About Cottage Food Operations
On September 21, 2012, Governor Brown signed the California Homemade Food Act into law. This law amends the California Health and Safety Code to create a new category of food facility operation, which unlike other food facilities, can be operated out of a home kitchen, and will be implemented on January 1, 2013.
This new category, known as a Cottage Food Operation (CFO), will allow home kitchens to make and sell non-potentially hazardous foods. Non-potentially hazardous foods are foods that are unlikely to grow harmful bacteria or other toxic microorganisms at room temperature.
Approved Cottage Foods
The California Department of Public Health (CDPH) has established a list of current approved foods that meet the definition as non-potentially hazardous. Additional foods may be added and removed through a 30-day process. Requests to add a food product to the approved foods list may be submitted to the California Department of Public Health Food and Drug Branch by using this form (pdf).
The list of current approved foods includes the following:
- Baked goods, without cream, custard, or meat fillings, such as breads, biscuits, churros, cookies, pastries, and tortillas
- Candy, such as brittle and toffee
- Chocolate-covered nonperishable foods, such as nuts and dried fruits.
- Dried fruit
- Dried pasta
- Dry baking mixes
- Fruit pies, fruit empanadas, and fruit tamales
- Granola, cereals, and trail mixes
- Herb blends and dried mole paste
- Honey and sweet sorghum syrup
- Jams, jellies, preserves, and fruit butter that comply with the standard described in Part 150 of Title 21 of the Code of Federal Regulations
- Nut mixes and nut butters
- Vinegar and mustard
- Roasted coffee and dried tea
- Waffle cones and pizelles
- Cotton candy
- Candied apples
- Confections such as salted caramel, fudge, marshmallow bars, chocolate covered marshmallow, nuts, and hard candy, or any combination thereof
- Buttercream frosting, buttercream icing, buttercream fondant, and gum paste that do not contain eggs, cream, or cream cheese
- Dried or dehydrated vegetables
- Dried vegetarian-based soup mixes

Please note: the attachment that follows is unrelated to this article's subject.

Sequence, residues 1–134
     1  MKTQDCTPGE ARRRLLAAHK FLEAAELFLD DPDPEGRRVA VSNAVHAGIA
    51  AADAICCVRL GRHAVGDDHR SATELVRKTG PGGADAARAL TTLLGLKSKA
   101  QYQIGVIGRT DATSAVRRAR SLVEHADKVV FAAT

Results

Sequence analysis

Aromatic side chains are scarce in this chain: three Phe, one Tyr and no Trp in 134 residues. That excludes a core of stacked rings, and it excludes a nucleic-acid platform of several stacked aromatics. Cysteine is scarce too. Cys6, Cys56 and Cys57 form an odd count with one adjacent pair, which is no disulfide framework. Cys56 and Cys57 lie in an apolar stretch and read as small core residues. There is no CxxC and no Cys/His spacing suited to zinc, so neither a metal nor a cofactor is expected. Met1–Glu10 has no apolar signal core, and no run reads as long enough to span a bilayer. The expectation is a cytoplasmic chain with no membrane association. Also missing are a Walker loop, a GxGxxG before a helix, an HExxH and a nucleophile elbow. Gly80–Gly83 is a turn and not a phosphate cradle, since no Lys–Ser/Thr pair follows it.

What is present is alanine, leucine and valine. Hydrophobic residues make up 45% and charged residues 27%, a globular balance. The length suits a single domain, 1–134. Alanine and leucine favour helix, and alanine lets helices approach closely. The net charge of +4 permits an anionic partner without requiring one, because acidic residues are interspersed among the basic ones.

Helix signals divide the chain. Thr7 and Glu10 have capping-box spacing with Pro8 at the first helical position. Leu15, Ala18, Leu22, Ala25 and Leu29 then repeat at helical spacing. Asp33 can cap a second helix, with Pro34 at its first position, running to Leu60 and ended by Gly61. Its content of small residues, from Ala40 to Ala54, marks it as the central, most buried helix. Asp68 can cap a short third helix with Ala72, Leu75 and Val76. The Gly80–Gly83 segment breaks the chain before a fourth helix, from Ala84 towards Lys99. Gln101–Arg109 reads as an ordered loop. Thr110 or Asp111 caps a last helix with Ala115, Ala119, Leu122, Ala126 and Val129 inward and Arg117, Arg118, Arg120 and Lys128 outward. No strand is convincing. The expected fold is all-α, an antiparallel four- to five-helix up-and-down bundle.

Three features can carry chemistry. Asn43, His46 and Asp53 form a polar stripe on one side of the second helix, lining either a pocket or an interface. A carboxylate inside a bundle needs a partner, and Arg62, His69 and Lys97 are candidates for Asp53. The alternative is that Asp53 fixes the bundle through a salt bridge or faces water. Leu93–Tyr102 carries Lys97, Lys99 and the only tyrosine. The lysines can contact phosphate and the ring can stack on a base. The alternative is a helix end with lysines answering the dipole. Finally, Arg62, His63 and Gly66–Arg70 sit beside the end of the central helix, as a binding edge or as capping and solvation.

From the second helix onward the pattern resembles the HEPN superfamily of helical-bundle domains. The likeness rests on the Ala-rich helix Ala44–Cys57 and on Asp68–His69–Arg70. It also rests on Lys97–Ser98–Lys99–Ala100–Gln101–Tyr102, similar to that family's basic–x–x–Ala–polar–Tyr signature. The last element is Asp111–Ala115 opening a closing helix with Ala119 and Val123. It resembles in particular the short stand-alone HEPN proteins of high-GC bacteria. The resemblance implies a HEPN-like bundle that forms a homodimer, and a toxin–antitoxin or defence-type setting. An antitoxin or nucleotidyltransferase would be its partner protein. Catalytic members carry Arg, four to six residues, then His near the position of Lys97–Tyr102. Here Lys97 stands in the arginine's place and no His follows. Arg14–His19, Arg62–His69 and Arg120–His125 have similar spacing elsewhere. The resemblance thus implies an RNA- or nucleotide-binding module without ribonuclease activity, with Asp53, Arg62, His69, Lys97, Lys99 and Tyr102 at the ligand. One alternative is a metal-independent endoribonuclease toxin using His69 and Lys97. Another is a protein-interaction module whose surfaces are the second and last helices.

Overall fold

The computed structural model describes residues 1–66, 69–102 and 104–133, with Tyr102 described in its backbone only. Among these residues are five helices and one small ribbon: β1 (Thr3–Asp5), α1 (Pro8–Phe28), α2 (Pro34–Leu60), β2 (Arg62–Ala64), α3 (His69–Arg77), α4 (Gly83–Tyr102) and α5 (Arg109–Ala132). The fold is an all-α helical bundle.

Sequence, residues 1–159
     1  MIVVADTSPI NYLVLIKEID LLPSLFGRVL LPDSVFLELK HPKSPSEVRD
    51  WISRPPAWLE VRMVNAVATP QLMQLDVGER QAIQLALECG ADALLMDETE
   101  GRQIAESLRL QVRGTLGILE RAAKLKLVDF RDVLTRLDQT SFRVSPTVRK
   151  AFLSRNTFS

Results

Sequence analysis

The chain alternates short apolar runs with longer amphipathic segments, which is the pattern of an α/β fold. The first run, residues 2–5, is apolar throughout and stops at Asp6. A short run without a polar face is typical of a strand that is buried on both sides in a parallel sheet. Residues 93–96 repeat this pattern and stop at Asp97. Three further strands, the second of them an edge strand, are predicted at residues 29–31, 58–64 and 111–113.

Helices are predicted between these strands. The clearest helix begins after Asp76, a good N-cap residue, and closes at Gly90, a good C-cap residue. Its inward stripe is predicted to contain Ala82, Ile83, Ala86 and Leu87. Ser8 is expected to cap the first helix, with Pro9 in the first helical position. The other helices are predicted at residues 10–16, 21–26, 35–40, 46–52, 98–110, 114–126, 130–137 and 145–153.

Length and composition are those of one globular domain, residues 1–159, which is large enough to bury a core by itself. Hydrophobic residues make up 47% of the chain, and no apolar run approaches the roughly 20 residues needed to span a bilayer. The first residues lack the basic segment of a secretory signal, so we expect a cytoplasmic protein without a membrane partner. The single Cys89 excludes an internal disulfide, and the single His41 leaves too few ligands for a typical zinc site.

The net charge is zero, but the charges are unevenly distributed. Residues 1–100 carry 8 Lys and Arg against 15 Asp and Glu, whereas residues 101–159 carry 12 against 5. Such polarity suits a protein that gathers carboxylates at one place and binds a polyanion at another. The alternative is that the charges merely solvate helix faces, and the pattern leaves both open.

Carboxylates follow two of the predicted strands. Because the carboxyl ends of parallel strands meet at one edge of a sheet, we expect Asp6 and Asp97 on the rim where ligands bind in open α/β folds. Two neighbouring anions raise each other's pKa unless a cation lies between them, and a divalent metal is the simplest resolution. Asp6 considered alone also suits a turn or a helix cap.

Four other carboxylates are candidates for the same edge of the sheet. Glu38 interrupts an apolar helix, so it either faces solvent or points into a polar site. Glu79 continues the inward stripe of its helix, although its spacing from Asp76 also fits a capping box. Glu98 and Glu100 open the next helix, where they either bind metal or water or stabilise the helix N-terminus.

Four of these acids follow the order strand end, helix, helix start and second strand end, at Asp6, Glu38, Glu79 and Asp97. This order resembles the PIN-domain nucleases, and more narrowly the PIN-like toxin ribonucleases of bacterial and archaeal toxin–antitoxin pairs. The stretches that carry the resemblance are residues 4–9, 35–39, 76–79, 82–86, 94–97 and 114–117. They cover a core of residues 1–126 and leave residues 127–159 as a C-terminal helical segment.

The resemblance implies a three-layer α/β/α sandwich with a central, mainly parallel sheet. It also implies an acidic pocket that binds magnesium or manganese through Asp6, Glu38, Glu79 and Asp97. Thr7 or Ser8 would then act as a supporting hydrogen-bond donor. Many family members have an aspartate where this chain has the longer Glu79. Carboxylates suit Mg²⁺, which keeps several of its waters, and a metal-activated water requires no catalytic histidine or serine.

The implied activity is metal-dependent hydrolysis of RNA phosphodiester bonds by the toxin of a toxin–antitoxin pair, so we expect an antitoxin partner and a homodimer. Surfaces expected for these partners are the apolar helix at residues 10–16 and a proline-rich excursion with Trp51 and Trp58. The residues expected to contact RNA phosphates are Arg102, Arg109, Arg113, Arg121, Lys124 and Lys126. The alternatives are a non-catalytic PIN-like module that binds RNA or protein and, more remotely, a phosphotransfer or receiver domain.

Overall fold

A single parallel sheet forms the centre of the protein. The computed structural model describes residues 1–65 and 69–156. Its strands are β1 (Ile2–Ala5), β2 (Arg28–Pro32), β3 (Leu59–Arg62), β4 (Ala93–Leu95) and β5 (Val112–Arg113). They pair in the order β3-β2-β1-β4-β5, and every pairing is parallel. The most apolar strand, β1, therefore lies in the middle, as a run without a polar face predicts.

- Vegetable and potato chips
- Ground chocolate
CFOs are required to obtain an annual registration or annual permit to operate through Sonoma County Environmental Health and Safety.
CFOs may sell directly and indirectly to the public, depending on their class of operation.
- Class A CFOs may sell cottage foods directly from their homes, certified farmers' markets, bake sales, and community events. Class A operations will be required to complete a self-certification process and obtain an annual registration from Sonoma County Environmental Health and Safety.
- Class B CFOs will be required to obtain an annual permit from Sonoma County Environmental Health and Safety and will be inspected annually. In addition to direct sales from home, they are also permitted to sell cottage foods indirectly from local shops, restaurants and other third party sales.
Additionally, a cottage food operator must complete a Food Processor Course administered by the CDPH within three months of obtaining a registration or permit.
Sonoma County is currently allowing only CFOs who are registered and/or permitted by Sonoma County Environmental Health and Safety to sell their cottage foods in Sonoma County.
CFOs may generate revenue of up to $35,000 in 2013, $45,000 in 2014, and increase up to $50,000 per year in 2015.
While CFOs may operate out of a private dwelling, they may be required to meet zoning and planning criteria, which can include issues concerning parking, noise, traffic control, density as well as other standards. Contact your local city planning department or Sonoma County Permit and Resource Management at (707) 565-1900 for more information.
The following foods are not approvable as cottage foods:
- Fresh or dried meat or meat products including jerky
- Fresh or dried poultry or poultry products
- Canned fruits, vegetables, vegetable butters, salsas, etc.
- Fish or shellfish products
- Canned pickled products such as corn relish, pickles, sauerkraut
- Raw seed sprouts
- Bakery goods with fillings such as cream, custard or meringue pies and cakes or pastries with cream or cream cheese fillings, fresh fruit fillings or garnishes, glazes or frostings with eggs
- Milk and dairy products including hard, soft and cottage cheeses and yogurt
- Cut fresh fruits or vegetables
- Food products made from cut fresh fruits or vegetables
- Food products made with cooked vegetable products
- Garlic in oil mixtures
- Juices made from fresh fruits or vegetables
- Ice or ice products
- Barbeque sauces and ketchups
- Focaccia-style breads with vegetables or cheeses
- Wine preserves
- Cream cheese frosting
- Vegetable butter
- Food products that require refrigeration
For additional information, please read Cottage Food Operations: Frequently Asked Questions (pdf) (English | Spanish).